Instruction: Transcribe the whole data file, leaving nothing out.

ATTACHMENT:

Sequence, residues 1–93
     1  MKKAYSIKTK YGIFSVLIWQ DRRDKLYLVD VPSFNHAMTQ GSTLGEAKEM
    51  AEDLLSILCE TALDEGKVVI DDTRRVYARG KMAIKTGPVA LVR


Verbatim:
Sequence, residues 1–93
     1  MKKAYSIKTK YGIFSVLIWQ DRRDKLYLVD VPSFNHAMTQ GSTLGEAKEM
    51  AEDLLSILCE TALDEGKVVI DDTRRVYARG KMAIKTGPVA LVR